A four-year-old boy fishing off the west Wales coast with his parents was knocked over by a metre-long tropical fish which leapt aboard their boat.
Sunfish pictured off Pembrokeshire by photographer Janet Baxter
The Grey family were fishing off the coast of Pembrokeshire when the ocean sunfish - weighing around 30kg - landed on top of their son Byron.
"It knocked him flying," said Vivienne Grey, from Little Haven.
Sunfish - the world's largest bony fish - are native to warm, tropical waters and are less common in the UK.
Mrs Grey and her husband Andrew had taken Byron and his brother Owen, 12, fishing for lobster in their 14ft boat. They were about 150m off the coast of Little Haven when the incident happened.
"My husband said he was glad we went with him, because he's sure we wouldn't have believed him if he'd come home and told us about it," she said.
OCEAN SUNFISH FACTFILE
Its scientific name is Mola Mola - also known as the moon fish
It is flat and disc-shaped in appearance, with a distinctive fin
It can grow up to 3m long and weigh 1,360kg
It is found in most of the world's tropical and temperate waters - often along the coastal areas where gulls can rid them of parasites
Like many other unusual sea creatures, it is becoming more common in Welsh waters
It has a small brain - a 200kg specimen may have a brain the size of a nut
"We spotted the fin of the sunfish in the water and, because we knew they were rare, we thought we'd take the boat a bit closer to let the children have a look.
"But as we got closer, it just disappeared. The next thing we knew, it had leaped out of the water and landed in the boat, right on top of Byron.
"We grabbed him from under the fish, and both boys were just shouting to their dad to get the fish out of the boat.
"It was very heavy, but Andrew managed to lift it and heave it over the side.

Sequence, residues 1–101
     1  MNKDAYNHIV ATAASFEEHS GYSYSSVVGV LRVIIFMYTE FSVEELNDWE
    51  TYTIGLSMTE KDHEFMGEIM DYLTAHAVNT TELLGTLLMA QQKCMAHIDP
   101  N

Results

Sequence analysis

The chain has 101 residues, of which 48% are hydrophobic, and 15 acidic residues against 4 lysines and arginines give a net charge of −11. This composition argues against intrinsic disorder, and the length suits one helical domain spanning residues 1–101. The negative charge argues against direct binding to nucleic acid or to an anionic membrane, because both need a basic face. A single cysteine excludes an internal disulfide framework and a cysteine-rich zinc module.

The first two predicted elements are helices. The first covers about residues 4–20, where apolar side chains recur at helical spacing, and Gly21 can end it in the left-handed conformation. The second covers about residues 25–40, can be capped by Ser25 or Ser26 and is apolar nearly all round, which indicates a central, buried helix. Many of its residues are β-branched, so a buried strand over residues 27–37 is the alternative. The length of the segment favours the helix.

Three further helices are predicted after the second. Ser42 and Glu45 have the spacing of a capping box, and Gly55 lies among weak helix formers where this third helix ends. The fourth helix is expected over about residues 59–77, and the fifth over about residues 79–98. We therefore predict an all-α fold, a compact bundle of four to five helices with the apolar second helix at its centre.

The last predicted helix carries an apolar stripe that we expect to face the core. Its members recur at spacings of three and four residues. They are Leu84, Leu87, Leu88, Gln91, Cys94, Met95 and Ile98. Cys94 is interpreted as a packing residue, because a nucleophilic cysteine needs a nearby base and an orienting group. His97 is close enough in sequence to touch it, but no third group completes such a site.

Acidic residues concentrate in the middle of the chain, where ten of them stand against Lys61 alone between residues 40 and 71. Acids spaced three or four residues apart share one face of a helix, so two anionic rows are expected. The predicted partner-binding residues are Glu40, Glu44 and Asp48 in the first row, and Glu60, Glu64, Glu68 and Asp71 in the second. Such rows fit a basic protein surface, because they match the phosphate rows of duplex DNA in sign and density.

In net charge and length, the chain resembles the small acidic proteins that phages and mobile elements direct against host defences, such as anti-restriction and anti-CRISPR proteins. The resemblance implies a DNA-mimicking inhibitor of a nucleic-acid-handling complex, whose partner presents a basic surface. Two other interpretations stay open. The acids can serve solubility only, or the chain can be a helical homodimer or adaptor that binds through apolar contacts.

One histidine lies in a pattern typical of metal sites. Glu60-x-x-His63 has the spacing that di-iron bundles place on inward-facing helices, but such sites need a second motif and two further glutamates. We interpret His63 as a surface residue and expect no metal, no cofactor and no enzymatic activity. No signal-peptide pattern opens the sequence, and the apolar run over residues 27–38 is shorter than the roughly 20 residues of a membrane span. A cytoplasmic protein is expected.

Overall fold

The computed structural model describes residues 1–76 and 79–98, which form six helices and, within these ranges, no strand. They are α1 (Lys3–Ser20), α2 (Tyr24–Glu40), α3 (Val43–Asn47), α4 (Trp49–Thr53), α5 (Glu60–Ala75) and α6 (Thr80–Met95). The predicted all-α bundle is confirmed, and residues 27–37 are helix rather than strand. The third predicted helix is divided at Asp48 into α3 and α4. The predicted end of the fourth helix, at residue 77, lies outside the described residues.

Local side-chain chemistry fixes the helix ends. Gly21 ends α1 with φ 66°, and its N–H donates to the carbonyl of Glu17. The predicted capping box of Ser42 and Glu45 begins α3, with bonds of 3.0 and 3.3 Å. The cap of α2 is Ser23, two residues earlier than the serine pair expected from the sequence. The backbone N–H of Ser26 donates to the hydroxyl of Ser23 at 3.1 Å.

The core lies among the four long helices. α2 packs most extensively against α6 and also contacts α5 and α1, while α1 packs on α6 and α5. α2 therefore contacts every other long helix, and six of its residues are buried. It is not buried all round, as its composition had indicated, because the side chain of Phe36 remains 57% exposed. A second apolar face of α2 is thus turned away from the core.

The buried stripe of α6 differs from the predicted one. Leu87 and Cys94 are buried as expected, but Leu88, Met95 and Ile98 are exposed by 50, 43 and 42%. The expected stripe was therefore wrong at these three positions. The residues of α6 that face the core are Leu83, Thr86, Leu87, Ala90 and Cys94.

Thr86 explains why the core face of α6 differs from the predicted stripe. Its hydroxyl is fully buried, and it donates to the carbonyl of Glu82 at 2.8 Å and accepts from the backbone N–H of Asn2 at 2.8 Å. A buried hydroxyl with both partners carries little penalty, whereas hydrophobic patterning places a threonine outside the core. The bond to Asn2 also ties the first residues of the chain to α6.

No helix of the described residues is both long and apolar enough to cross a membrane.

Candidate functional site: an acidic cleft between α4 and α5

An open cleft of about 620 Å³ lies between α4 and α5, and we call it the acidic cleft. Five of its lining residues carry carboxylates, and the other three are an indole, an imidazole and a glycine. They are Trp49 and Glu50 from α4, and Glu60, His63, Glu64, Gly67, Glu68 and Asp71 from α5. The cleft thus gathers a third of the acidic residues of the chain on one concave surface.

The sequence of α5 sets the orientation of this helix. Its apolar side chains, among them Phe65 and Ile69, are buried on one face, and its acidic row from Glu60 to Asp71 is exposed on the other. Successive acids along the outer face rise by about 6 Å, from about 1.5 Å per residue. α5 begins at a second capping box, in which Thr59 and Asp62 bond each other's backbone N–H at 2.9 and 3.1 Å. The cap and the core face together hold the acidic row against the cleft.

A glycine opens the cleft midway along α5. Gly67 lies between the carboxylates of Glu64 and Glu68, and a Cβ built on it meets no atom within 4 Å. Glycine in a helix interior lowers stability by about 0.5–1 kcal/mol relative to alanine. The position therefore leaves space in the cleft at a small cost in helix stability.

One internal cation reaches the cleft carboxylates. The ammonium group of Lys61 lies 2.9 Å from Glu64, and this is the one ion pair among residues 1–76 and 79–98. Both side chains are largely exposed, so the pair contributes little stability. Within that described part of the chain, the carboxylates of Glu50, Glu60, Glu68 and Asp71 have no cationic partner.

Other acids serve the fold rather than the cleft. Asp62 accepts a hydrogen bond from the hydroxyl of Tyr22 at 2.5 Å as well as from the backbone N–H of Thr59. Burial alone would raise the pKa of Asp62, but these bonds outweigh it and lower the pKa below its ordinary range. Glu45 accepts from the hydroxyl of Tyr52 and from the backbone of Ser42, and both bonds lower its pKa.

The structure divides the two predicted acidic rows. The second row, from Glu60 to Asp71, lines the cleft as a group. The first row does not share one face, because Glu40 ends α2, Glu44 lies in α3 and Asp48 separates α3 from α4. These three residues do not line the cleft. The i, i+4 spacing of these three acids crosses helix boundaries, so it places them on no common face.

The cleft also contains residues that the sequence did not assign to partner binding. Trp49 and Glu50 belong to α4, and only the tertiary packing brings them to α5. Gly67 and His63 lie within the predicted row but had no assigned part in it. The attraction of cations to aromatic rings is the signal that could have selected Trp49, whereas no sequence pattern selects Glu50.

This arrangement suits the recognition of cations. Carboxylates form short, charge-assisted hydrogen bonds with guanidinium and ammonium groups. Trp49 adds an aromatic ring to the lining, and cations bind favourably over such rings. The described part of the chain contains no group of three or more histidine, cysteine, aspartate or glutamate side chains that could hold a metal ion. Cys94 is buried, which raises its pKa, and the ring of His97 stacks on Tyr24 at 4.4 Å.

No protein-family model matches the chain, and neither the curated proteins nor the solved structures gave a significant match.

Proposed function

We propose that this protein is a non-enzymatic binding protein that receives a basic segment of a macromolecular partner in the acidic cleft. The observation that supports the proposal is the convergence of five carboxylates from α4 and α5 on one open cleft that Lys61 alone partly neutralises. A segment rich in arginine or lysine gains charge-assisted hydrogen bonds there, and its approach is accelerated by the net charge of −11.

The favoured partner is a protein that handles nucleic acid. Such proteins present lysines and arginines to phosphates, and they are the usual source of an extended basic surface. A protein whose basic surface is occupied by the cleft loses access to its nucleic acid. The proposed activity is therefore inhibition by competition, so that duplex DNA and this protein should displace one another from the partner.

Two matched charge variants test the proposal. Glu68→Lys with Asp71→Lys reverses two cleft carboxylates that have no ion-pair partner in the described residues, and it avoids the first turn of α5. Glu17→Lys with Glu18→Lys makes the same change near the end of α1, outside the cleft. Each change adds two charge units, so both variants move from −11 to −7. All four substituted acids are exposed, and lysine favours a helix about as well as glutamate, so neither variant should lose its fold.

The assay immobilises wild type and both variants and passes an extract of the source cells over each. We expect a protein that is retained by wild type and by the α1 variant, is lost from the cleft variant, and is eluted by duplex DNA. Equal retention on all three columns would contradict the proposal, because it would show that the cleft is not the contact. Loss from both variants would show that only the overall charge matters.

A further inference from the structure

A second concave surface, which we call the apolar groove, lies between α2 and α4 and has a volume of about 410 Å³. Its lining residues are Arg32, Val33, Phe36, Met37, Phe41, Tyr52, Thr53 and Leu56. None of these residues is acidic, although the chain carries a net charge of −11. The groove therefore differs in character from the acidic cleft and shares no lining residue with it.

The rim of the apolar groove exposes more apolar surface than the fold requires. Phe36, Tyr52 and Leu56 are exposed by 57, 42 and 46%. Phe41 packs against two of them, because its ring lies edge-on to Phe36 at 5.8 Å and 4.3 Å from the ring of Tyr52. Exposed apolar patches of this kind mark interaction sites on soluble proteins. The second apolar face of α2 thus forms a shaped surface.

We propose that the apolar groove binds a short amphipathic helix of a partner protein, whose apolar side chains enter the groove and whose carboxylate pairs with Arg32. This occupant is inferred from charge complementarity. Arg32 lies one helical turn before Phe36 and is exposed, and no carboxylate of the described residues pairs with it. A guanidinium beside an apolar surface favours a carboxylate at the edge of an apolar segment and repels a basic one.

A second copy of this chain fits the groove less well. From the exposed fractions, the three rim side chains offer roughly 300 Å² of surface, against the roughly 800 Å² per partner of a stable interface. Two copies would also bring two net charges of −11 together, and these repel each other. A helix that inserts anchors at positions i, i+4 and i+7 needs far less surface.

"Luckily, Byron got away with cuts and grazes.
"I didn't realise there were fish that big in our waters."
The experience has not put the family off sailing, and the boys were back out in the boat within days.
Marine-watchers said several sunfish - which normally live in warm, tropical waters - had been seen off the Pembrokeshire coast in recent months.
Cliff Benson, who runs Sea Trust, the marine branch of the Wildlife Trust of South and West Wales, said sunfish could grow up to 3m long and weigh up to 1,360kg (3,000lb).
"We get them through the summer months, but normally all people see is the distinctive grey fin," he explained.
"They float about eating jellyfish, and our waters are particularly rich in jellyfish at the moment.
"They're not considered dangerous. In fact, only one man has ever been killed by a sunfish - and that was because it landed on him and squashed him."
Wildlife photographer Janet Baxter, from Borth, who took the picture of the fish above, said sea creatures leapt out of the water for all kinds of reasons.
"I saw two young sunfish jumping around last year," she said.
"The usual reasons things jump out of the water are because of food, sex, or parasites - but sometimes they just do it for the fun of it, because it's a nice feeling."